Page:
City of Boston invites residents to use newly streamlined process to host Halloween block parties

BOSTON – Friday, October 6, 2023 – Today, Mayor Michelle Wu and the City of Boston’s Community Engagement Cabinet announced a new streamlined application process to make it easier for residents to host Halloween block parties to ensure that children and their families can safely trick or treat. By closing neighborhood side streets to vehicle traffic during trick or treating, community members can create a celebratory and safe environment for kids to enjoy the holiday. The Boston Transportation Department (BTD) has streamlined the play street application process to make it easier to host a block party and to ensure applications are considered and approved swiftly. Residents and community groups who are interested can apply to host a Halloween block party here.

“Block parties provide our neighbors and families fun, safe spaces to celebrate together and build community,” said Mayor Michelle Wu. “Making the permitting process to host a block party easier will help more communities and streets have the opportunity to celebrate Halloween all together as neighbors.”

“Activating our streets through block parties is a great way to spread joy and unify our neighborhoods throughout our city,” said Community Engagement Cabinet Chief Brianna Millor. “I encourage residents to take advantage of this opportunity to celebrate fall festivities outdoors in a safe and fun manner.”

In addition to a shorter timeline turnaround from submission to approval, the improved application now includes both clearer questions and fewer questions overall, focusing only on the necessary information for the Boston Transportation Department to evaluate each block party for community safety and traffic impacts.

“We are pleased to be rolling out this simplified application process so Boston families can worry less about navigating permitting and focus on enjoying the holiday,” said Deputy Chief of Streets for Transportation Nick Gove. “We look forward to supporting more block parties this year and continuing to make City Hall processes more accessible and efficient.”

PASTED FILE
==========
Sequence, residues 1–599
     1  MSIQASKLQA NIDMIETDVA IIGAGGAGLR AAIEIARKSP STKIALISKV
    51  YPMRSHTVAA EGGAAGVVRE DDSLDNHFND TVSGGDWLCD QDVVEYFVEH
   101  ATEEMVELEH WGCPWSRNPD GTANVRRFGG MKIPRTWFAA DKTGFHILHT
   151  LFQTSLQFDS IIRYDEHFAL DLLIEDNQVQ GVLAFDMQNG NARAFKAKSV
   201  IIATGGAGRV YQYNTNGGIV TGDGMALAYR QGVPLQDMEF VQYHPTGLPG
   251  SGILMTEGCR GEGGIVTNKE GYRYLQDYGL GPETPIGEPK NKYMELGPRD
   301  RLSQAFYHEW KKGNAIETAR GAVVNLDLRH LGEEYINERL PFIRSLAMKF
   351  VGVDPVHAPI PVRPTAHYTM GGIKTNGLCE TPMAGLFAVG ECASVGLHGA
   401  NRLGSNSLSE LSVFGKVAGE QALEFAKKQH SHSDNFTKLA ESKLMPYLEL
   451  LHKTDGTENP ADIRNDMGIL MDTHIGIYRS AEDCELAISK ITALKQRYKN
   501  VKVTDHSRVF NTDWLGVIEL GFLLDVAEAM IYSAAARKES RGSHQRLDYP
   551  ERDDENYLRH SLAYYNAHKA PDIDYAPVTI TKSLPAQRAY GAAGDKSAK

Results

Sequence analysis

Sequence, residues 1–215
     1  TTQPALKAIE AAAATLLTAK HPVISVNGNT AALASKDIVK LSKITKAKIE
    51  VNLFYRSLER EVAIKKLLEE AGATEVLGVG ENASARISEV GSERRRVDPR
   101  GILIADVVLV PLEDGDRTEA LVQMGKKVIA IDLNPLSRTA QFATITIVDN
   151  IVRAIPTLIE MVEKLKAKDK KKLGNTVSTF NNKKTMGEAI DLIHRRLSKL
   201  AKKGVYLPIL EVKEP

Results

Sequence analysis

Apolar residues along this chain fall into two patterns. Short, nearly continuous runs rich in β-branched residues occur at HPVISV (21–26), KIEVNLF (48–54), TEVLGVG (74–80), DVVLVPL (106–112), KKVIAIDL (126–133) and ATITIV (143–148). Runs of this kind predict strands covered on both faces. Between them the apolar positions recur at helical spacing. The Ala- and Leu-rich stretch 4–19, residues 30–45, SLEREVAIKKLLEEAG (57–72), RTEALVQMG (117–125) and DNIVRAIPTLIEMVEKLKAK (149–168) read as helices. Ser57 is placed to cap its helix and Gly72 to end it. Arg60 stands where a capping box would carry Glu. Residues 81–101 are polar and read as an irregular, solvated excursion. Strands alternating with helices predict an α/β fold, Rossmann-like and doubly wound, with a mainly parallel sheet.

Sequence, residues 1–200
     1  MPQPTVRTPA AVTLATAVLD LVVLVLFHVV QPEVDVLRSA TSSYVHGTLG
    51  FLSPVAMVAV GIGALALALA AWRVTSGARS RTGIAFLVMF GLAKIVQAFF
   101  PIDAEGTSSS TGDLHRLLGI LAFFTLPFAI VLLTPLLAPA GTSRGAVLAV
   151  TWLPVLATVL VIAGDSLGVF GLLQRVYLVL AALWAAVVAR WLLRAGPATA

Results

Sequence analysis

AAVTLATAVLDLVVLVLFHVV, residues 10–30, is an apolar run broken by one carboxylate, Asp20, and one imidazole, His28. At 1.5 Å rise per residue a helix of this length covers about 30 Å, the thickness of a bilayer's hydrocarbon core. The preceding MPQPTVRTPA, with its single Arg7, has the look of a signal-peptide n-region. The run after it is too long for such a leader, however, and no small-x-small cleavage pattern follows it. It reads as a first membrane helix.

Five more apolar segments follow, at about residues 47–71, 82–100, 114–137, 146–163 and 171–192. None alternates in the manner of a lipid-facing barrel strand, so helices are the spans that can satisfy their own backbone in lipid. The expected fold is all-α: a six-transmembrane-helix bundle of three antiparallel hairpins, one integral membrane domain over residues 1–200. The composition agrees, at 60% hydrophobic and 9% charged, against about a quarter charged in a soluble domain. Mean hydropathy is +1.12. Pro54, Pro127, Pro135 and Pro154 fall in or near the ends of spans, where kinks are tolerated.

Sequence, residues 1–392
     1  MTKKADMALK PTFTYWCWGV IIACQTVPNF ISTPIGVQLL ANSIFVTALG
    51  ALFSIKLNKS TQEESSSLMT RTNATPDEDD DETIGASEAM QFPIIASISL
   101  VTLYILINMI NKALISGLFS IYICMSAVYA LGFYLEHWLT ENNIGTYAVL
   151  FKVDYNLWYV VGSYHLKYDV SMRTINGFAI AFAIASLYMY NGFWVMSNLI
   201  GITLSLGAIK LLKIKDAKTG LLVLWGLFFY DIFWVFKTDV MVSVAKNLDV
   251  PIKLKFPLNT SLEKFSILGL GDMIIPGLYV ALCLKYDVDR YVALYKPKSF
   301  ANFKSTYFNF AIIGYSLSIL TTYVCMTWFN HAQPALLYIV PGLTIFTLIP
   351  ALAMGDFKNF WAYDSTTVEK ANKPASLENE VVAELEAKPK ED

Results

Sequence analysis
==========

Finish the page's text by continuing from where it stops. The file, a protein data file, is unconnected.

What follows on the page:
Boston residents have long come together to hold Halloween block parties to strengthen community ties, and improve neighborhood street safety. Last year, residents hosted 28 halloween block parties across the City.

Residents must apply by Wednesday, October 18th to ensure approval before Halloween. Residents must also apply for a block party permit before submitting their grant application, as this can take 15 business days to approve. More information about applying for the block party permit and tips on how to host a block party can be found here.

This work also builds upon Mayor Wu’s commitment to bring safer, more vibrant streets to every neighborhood in Boston. In May, the Mayor announced Boston’s Safety Surge, working to make our city streets safer by installing speed humps on eligible neighborhood streets, redesigning intersections, and implementing new guidelines for the City’s traffic signals.

Earlier this year, the Community Engagement Cabinet awarded 51 block party mini grants for resident-led street parties throughout the summer.

“This summer’s Block Party Mini Grants proved to be a successful model to support residents in their efforts to curate events and purchase sports equipment, chalk, games, food, and beverages for community members to enjoy,” said Mayor’s Office of Civic Organizing Director Nathalia Benitez-Perez. “I think it is amazing that the City of Boston is working towards making the permitting process more accessible and seamless to support the festive community building that occurs in our streets through block parties.”


The Community Engagement cabinet leads the City of Boston’s work towards eliminating silos between Boston residents and City Hall. Their goal is to better connect neighborhood services, community engagement, and policy making. The Community Engagement Cabinet wants to improve how Boston includes community voices in its work. They are creating a new model for prioritizing constituents and neighborhood services in government affairs. The cabinet is made up of the Office of Neighborhood Services, the Office of Civic Organizing, SPARK Boston, and Boston 311. Their departments collaborate with City and community partners. By working together, we link policy, City services, and community engagement efforts across Boston.

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